PhotoImpact 7’s “Z-Merge”
So, just what is the heck is this new “Z-Merge” feature, anyway?
True to form, Ulead has pioneered ahead of its competitors into the forefront of image editing by adding an exciting feature to PhotoImpact 7 that is unparalleled by any other image editor I can think of: the “Z-Merge” feature. If you remember, years ago, long before anyone else had thought of it, PhotoImpact was the first image editor to let you instantly draw/create realistic looking rendered 3D objects, with editable lighting and shadows, while the other image editors still had you filling individual layers with stroked shapes, then gradients and then using the Gaussian Blur filter on it all, and then manually creating a feathered black copy beneath it for the shadow:
Now that the industry has somewhat “caught up” with PhotoImpact in that regard, Ulead has taken the latest version of PI another step in a new direction... this time, to shrink the gap between traditional 2D imaging and 3D modelling software. Yes, “Z-Merge” finally gives us artists the ability to merge multiple objects as if they were on the same plane, and, if they overlap each other (parts lay on top of one another in the “Z-Merge layer”), it even lets them combine according to their “depth”.
Confused? Well, then, let me explain, in a more simple fashion, if I may, with the following illustration of “Z-Merging” three different colored 3D path objects:
How’s THAT, eh? (ok, .. ok, I added a 4th ball in the middle - so shoot me!)
As you already know, PI uses “objects” which automatically lie on their own layers; each individual object actually becomes its’ own “layer”, to be precise. You can change the stacking order of the layered objects as needed to make the ones you want to be seen in front of or behind others either by using the Layer Manager with the “drag n drop” technique, or with the “Send to Back/Front” buttons on the Task Bar when any objects are selected with the arrow tool.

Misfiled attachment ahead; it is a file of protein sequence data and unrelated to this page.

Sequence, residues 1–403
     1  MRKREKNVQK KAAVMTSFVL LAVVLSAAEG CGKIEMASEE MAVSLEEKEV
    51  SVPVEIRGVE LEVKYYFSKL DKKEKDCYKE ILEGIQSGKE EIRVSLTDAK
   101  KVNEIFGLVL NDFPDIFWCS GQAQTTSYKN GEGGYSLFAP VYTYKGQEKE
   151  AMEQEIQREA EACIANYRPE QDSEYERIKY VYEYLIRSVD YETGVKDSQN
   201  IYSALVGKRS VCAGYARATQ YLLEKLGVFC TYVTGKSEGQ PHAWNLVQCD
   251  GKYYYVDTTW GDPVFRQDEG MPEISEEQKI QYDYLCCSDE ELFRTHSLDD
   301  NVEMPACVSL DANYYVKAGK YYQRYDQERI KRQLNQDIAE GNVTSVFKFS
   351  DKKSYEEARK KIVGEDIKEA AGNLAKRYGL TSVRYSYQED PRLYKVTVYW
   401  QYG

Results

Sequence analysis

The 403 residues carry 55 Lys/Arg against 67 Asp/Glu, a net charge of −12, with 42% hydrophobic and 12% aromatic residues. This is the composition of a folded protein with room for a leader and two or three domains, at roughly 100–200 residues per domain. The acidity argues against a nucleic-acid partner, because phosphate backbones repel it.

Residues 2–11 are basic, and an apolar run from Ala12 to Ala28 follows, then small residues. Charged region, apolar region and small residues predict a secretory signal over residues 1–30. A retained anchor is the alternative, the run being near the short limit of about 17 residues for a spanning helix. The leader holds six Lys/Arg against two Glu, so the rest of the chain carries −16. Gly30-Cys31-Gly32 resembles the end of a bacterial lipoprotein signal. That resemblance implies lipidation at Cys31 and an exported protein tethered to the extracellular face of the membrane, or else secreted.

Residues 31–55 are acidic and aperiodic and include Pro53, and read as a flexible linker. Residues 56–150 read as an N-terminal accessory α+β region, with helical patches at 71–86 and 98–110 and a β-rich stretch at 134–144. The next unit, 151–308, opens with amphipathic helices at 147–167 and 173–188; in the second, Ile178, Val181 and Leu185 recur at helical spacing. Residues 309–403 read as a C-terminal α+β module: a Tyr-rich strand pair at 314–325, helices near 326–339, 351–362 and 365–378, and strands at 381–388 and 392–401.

Enter the “Z-merge” feature, which, when activated, creates an imaginary “layer” that is on top (in front of, closest to the viewer) of all the other objects in the image, and acts as a work place for you to place as many objects you like there, together, just by selecting the “Z-Merge” button and then selecting the object and toggling the “Z-Merge” box on the Task Bar. Yes, multiple objects can now exist in a fully editable state, ALL on one theoretical layer, allowing them to overlap and intersect with each other; the resulting combinations are infinitely promising.
Ulead didn’t stop there, though. They knew that just intersecting objects wasn’t enough; they also gave the PI user the ability to finely adjust how much the objects intersect with each other- to allow one object to show more, or less than the one it intersects with. How did they do that?
Well, lets look at these two metal balls, which are on the “Z-Merge” layer at a “Z-Elevation” setting of “0”: